Violence against women known as gender-based violence and sexual and gender-based violence are violent acts or committed against women and girls. Considered a form of hate crime, this type of violence is gender-based, meaning that the acts of violence are committed against women and girls expressly because they are female; the UN Declaration on the Elimination of Violence Against Women states, "violence against women is a manifestation of unequal power relations between men and women" and "violence against women is one of the crucial social mechanisms by which women are forced into a subordinate position compared with men." Kofi Annan, Secretary-General of the United Nations, declared in a 2006 report posted on the United Nations Development Fund for Women website:Violence against women and girls is a problem of pandemic proportions. At least one out of every three women around the world has been beaten, coerced into sex, or otherwise abused in her lifetime with the abuser someone known to her.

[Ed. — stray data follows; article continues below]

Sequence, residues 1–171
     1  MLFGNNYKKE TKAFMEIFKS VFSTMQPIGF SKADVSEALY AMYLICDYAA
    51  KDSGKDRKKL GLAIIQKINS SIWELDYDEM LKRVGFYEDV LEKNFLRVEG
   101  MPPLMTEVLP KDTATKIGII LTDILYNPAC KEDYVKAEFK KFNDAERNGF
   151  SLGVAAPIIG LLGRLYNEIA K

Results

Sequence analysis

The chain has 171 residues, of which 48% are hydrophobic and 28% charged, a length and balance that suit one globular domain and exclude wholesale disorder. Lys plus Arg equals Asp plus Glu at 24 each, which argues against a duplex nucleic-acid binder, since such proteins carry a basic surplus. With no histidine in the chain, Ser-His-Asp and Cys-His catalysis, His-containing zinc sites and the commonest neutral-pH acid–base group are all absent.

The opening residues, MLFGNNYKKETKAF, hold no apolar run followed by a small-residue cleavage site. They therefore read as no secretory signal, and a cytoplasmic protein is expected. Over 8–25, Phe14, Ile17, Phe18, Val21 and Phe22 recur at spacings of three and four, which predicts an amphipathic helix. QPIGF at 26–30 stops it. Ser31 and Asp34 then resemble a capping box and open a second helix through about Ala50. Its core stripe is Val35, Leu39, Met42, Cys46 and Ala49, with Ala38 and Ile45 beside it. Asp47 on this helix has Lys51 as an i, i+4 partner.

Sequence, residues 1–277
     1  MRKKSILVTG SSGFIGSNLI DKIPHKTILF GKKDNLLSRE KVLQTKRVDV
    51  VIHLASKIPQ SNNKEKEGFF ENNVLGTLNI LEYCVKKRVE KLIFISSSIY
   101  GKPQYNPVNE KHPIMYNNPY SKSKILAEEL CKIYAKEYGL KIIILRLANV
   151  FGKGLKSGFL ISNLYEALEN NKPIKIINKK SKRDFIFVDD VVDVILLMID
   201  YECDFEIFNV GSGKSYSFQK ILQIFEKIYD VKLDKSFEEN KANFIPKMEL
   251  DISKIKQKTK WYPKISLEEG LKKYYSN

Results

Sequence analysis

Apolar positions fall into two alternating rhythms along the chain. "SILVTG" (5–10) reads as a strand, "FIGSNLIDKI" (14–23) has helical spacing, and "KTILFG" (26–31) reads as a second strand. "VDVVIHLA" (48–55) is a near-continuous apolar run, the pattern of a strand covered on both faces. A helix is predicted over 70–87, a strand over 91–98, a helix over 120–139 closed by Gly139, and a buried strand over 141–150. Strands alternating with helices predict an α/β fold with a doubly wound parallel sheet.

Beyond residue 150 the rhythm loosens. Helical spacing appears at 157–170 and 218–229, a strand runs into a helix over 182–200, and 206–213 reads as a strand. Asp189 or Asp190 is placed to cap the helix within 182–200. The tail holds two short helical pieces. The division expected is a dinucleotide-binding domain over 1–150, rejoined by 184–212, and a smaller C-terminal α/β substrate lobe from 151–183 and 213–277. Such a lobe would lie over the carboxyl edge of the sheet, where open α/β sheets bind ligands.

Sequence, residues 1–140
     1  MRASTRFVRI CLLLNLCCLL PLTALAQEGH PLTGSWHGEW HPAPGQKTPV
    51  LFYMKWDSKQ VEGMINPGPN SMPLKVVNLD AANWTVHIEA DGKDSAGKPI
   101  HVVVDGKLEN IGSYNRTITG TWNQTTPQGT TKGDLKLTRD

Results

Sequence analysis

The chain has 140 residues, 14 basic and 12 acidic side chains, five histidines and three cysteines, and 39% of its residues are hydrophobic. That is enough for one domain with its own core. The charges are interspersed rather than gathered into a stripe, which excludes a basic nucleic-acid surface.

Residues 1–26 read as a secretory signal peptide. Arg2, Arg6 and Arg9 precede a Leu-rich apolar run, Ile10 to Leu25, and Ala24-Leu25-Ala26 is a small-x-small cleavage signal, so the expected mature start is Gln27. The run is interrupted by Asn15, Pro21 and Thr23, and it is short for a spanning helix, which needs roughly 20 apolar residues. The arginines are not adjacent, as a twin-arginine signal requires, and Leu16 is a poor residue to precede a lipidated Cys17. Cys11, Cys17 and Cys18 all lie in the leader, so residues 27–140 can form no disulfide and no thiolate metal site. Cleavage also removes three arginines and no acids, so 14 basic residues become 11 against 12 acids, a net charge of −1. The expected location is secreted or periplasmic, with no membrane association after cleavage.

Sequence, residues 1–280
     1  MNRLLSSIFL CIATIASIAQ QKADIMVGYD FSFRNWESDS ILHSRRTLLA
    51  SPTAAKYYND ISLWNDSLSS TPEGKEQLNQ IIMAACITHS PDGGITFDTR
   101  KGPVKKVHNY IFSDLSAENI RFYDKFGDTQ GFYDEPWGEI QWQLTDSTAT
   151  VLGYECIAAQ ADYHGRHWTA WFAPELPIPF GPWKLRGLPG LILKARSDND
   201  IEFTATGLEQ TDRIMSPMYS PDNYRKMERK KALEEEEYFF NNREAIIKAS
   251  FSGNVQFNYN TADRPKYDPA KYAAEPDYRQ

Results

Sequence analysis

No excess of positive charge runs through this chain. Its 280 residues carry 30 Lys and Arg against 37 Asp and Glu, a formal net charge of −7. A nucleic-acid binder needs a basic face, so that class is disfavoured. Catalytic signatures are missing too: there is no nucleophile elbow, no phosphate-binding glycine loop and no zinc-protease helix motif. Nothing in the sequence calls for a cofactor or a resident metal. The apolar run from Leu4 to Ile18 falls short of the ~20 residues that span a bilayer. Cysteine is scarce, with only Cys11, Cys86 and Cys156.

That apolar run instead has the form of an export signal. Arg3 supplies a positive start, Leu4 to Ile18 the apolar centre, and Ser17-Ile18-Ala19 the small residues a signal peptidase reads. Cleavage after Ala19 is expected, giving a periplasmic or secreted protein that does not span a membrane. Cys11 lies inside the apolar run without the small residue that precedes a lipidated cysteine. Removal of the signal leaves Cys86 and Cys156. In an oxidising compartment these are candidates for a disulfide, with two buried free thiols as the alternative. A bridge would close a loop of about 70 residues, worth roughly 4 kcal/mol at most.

Violence against women can fit into several broad categories. These include violence carried out by "individuals" as well as "states"; some of the forms of violence perpetrated by individuals are: rape, domestic violence, sexual harassment, reproductive coercion, female infanticide, prenatal sex selection, obstetric violence, mob violence. Some forms of violence condoned by certain states such as war rape. Many forms of VAW, such as trafficking in women and forced prostitution are perpetrated by organized criminal networks; the World Health Organization, in its research on VAW, has analyzed and categorized the different forms of VAW occurring through all stages of life from before birth to old age. In recent years, there has been a trend of approaching VAW at an international level through means such as conventions or, in the European Union, through directives; the Council of Europe Convention on preventing and combating violence against women and domestic violence known as the Istanbul Convention, provides the following definition of violence against women: "Violence against women" is understood as a violation of human rights and a form of discrimination against women and shall mean all acts of gender-based violence that result in, or are to result in, sexual, psychological or economic harm or suffering to women, including threats of such acts, coercion or arbitrary deprivation of liberty, whether occurring in public or in private life Although the 1979 Convention on the Elimination of All Forms of Discrimination Against Women includes VAW in its General Recommendations 12 and 19, the Vienna Declaration and Programme of Action mentions VAW at paragraph 18, it was the 1993 United Nations General Assembly resolution on the Declaration on the Elimination of Violence Against Women, which became the first international instrument to explicitly define VAW and elaborate on the subject.